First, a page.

Transformation, the first book of the Rai-Kirah series, I thought I was done with Seyonne and Aleksander, that its sequel would probably be in the same universe but with different characters. It turns out I was wrong.
In Revelation there is more of Seyonne than of Aleksander, to be sure, but both characters are back. There is also a lot more about Seyonne's race, the Ezzarians, their traditions and why they fight demons.
This book can be divided into four parts: the beginning, with Seyonne as the sole warden of the Ezzarians, overworked and still very much under-appreciated by the rest of his people. Still, there is some joy in his life, he is back with his wife, the Queen, and she is expecting. But two things happen to bring suspicion on Seyonne (yet, again). First, he lets a demon go unpunished, sensing he has no ill intent. That is unheard of (at least in recent memory) and the talk of his corruption returns. And second, his son is born a demon, and Ezzarian law and tradition dictates that he must be left in the wild to die and that everyone else must go about their lives as if he had never been
Despairing and cast away, Seyonne goes in search of some answers. This is the second part of this book, when Seyonne first goes through severe depression, then goes about the world looking for some of the demon-children, that were saved by some that were not so keen on tradition as well, encountering prince Aleksander along the way who thinks him to be the leader of a rebellion against his empire. This encounter means one more task for Seyonne, who promises to help Aleksander squash the rebellion.
When he finds the leader, Blaise, he discovers what he had been searching all along – the demon-children. He learns a bit more of their powers and their nature, which leads him to question a bit more the Ezzarian traditions. He is accepted into the group and then cast away again (boy, this man cannot catch a break), and he decides to go to the one person who knows more about demonlore in all of the world, but who is also anathema to all Ezzarian (especially for those who have been made slaves and put through the excruciating rituals that he devised - like Seyonne).
This bring us to the third part, when Seyonne willingly travels to the demon realm, to find some answers. But things are never easy for this guy, so he is captured, tortured, made to forget everything he knows and his purpose, and kept like a pet by the demons (AKA, a slave, yet again). The first three were probably the most boring parts of this book, he is tortured, in the dark, he hears voices...and this goes on for pages. But when he reaches the court of the higher-ranking demons, things get interesting again. The society of the demons, their world, their relationships were really fun to read. That Seyonne had no idea what he was doing there, and kept being enticed by the demoness Vallyne, which lead him to forget what he was doing at the moment, only added to the fun. There was some intrigue, with an old warden living among the demons also as pet, and the demons blaming the Ezzarians of crimes against them, of rendering the lower castes crazy with their attacks, so much that they had no hunters, and their society was bent on collapse. And they also blamed the Ezzarians from keeping them from their promised land.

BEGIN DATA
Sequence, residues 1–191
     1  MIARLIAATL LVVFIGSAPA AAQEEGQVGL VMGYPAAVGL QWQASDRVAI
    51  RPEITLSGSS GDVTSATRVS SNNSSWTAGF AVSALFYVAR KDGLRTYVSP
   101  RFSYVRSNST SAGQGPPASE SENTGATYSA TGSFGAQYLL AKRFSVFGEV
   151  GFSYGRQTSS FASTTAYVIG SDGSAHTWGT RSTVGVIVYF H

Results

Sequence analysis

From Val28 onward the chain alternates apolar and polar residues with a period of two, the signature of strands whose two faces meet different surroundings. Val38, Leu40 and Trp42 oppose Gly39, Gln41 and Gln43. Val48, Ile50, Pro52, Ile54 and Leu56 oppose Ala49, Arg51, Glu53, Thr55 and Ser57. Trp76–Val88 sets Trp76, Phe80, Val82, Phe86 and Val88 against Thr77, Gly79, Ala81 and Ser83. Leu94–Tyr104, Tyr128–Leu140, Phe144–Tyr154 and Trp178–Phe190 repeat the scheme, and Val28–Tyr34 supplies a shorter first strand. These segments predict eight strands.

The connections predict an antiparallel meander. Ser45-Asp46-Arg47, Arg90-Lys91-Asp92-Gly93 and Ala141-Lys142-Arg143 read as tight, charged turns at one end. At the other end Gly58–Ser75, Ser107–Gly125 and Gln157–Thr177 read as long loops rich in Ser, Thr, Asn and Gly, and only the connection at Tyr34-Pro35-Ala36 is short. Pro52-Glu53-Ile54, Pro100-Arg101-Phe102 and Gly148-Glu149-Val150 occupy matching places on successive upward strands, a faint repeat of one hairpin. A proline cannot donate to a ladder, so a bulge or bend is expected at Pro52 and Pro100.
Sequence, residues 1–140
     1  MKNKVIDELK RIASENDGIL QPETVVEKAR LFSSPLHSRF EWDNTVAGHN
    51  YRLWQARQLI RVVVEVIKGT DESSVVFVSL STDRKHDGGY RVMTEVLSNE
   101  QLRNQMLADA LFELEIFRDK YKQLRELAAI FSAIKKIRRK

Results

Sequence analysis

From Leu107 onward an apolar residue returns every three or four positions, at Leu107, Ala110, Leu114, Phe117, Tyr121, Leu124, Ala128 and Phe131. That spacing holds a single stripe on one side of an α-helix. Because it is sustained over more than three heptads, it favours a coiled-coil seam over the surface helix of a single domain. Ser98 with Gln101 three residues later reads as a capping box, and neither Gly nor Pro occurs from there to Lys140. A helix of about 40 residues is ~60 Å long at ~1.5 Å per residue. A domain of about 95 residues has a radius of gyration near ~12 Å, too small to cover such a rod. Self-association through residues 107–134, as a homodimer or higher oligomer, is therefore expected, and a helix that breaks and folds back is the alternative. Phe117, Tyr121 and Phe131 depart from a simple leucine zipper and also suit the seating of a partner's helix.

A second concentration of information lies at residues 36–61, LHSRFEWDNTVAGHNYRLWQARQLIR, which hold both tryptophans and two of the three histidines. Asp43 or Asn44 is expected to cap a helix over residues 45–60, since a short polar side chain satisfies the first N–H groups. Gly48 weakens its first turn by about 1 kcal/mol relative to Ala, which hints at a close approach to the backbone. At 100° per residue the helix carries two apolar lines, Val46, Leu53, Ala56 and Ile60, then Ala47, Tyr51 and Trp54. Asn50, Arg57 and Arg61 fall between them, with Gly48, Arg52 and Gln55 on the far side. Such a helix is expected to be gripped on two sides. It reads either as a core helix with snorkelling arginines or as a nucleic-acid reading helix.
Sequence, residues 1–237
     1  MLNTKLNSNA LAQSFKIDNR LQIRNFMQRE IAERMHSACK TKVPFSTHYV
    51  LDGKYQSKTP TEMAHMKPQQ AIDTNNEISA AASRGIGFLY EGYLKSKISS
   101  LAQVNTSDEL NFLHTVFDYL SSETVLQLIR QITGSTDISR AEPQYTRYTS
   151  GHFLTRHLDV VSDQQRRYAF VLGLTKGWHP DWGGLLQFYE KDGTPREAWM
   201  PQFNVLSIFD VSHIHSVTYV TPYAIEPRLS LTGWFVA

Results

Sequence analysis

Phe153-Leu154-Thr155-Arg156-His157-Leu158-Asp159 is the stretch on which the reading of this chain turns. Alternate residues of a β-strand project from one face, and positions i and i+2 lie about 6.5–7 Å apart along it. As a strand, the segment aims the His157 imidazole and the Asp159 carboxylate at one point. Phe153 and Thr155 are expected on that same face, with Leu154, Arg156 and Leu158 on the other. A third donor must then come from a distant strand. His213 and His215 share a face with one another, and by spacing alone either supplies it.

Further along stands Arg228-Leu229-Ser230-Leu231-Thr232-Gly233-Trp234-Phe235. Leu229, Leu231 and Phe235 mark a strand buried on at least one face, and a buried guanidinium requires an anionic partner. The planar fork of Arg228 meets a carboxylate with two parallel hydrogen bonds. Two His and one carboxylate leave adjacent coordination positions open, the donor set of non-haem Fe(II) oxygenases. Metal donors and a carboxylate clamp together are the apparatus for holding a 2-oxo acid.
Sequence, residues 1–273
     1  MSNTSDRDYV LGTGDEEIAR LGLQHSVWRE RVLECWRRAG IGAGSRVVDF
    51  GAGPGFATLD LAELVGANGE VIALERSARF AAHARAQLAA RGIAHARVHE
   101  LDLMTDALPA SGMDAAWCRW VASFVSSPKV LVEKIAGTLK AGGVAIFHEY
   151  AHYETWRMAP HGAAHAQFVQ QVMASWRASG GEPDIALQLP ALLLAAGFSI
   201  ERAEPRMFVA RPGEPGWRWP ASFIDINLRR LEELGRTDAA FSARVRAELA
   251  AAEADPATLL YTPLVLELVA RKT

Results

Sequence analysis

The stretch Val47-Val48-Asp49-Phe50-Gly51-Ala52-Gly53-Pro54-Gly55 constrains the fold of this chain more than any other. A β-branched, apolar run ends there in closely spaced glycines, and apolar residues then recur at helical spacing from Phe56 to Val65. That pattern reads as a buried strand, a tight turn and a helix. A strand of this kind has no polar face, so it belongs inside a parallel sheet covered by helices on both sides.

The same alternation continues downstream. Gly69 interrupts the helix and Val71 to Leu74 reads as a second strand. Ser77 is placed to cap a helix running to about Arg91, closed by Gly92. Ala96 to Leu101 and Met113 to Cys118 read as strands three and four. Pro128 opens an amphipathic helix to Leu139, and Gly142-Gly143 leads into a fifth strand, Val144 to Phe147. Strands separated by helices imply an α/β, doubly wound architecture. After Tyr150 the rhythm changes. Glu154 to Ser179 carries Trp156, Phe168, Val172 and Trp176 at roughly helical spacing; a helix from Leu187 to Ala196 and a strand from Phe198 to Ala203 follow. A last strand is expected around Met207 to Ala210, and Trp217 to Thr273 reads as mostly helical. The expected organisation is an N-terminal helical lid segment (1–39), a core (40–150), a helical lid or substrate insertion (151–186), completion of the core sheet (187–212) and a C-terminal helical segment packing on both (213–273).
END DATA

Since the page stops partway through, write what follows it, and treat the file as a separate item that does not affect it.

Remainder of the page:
And because Seyonne is such a good guy, he helps them with that too. Which brings us to the last part of the book, back in the mortal realm, with a controlled demon attack, two armies about to go to war in the vicinity of where Seyonne wants to be (on of them Aleksander's), with the Ezzarians also moving to war against the demons, who Seyonne has to protect, and the rebels lurking close by. Not very good odds.
This is turning into a rather long review, but that is because there is a lot that goes on the book. Maybe not so much action-wise (most of it happens in the end), Seyonne does spend a lot of time wallowing in self-pity, and yet more time being torture and completely out of sorts. But there is a lot that is learned about the Ezzaians and the demons (quite a few revelations), and some new characters that kept me always wondering if they were to be trusted or not.
I missed not having more of Aleksander in this book, his relationship with Seyonne was always fun to read. But, Fiona, who dogs Seyonne most of the book, proves to be quite good to read as well. The stronger point in this book, besides Seyonne, is the history of the Ezzarians, of the traditions and rituals they follow blindly, without ever questioning their purpose [this actually reminded me of The Third God, by Ricardo Pinto].
Contrary to Transformation, this book ends in a cliffhanger, not a mean one, but enough to make me want to read the next one, and see how the story concludes. Comparing with the first one, I think it's a good sequel, maybe not as good as the first, but then again, the first one's ending was a bit of a let down. On the plus side, Revelation has a much more better cover (not that it was hard to achieve).
Rating: 4 out of 5
Other Reviews: Dragons, Heroes and Wizards | Ubiquitous Absence
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